Micro-transactions started incredibly small and almost innocuous.  You would spend $2 here or there for small things like horse armor, or a song in Rock Band.  Eventually over time they get a little more expensive but not to a level that seemed too ridiculous or out of hand.  There was this gradual incline and soon $5 became the normal amount to spend only because the price was going up and we never really cared to make noise over it.  But it didn’t stop there as that $5 turned into $10, which then turned to $15, and so on. Now we are looking at Fortnite skins that can be purchased for $20. We have snowballed into a massive deluge of spending and we have openly accepted it without a blink of an eye. It’s even worse for younger generations as they are growing up with the normalization of micro-transactions in modern gaming. Spending small bursts of money here and there will be the only aspect of gaming they know, so it is up to us to ensure that this bleak future doesn’t become normalized.

I look at this scenario and I can’t help but shake the feeling that there is no single good reason to tack on an extra $10 to a game. When you step back, you start to realize it is more than just $10 that Take Two is asking for. The NBA2K series is proof that they will not stop at $10, they will continue to contort the NBA gaming franchise into a glorified casino filled to the brim with predatory micro-transactions that prey on the uninhibited.  As for other companies, setting this precedent will continue to go further as they claim additional development costs while also boasting increased quarterly profits in the millions. CEOs will continue to see million dollar bonuses while they lay off hundreds of staff members. We absolutely cannot trust major publishers to keep the promise of offering more expensive games without any strings attached.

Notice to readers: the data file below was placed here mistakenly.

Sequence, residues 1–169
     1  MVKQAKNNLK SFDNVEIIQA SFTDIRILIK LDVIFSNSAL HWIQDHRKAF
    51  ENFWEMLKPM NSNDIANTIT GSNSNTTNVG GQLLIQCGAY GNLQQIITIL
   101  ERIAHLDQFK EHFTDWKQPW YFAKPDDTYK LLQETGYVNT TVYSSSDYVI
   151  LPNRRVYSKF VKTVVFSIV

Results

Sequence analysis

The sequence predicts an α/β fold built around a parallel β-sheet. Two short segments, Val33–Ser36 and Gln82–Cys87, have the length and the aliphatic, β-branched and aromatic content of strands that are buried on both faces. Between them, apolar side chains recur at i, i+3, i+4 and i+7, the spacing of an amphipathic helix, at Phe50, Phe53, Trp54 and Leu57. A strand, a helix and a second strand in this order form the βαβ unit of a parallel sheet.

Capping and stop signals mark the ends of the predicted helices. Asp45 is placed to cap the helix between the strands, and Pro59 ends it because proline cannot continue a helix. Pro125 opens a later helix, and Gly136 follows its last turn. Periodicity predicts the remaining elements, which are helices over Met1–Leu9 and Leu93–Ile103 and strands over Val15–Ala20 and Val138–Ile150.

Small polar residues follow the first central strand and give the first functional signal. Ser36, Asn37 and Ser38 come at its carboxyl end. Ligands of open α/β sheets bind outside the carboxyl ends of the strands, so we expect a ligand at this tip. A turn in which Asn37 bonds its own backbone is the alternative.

If $70 becomes the normal price of a video game, with collectors editions hitting even more expensive price points, we can see several effects possibly occur. Perhaps people will see the cost of gaming and think twice about what they purchase and if it is worth it.  Others may not partake at all and wait for sales. More people might end up subscribing to programs like PlayStation Now or Xbox Gamepass.  I also cannot leave good ole piracy off the list. As the saying goes “If there is a will, there is a way.”


At times it may feel as if we are not in control of this at all, but the truth is, we are. The most powerful tool we have is money, and if we don’t spend it, these companies won’t get it. Yes, it’s very hard to not buy a game sometimes and even harder to get people to join in your boycott crusade, as many have failed before. But not everything is so bleak as independent developers display a vast market of unbelievably great titles for a much lower price. Supporting small developers also goes a long way. Instead of allowing a CEO to buy and sell a multitude of stocks, we give small developers the chance to live their dreams and create beautiful works of art.

As we go into the next generation of games we need to accept some harsh truths. We also need to understand restraint, we need to learn how to properly gather information, and we need to better educate ourselves on what we are spending our money on. As I said before, we hold a lot of power, and it is up to us to use it wisely. If you think $70 is too much for a game, then do not buy it. But if you are fine with the price point, and you feel that you are getting your money’s worth, then by all means, I cannot stop you from buying it. All I ask is that you properly educate yourself and don’t walk in blind to a situation that could have easily been avoided by a simple search. Remember the only thing more valuable than money is your time.

By Steve Esposito

Steve Esposito is a dedicated content creator with a focus on his love for technology, video games, and the very industry that oversees it all. He also takes part in organizing the Long Island Retro and Tabletop Gaming Expo as well as a Dungeons and Dragons podcast: Copper Piece. You can find him on twitter @AgitatedStove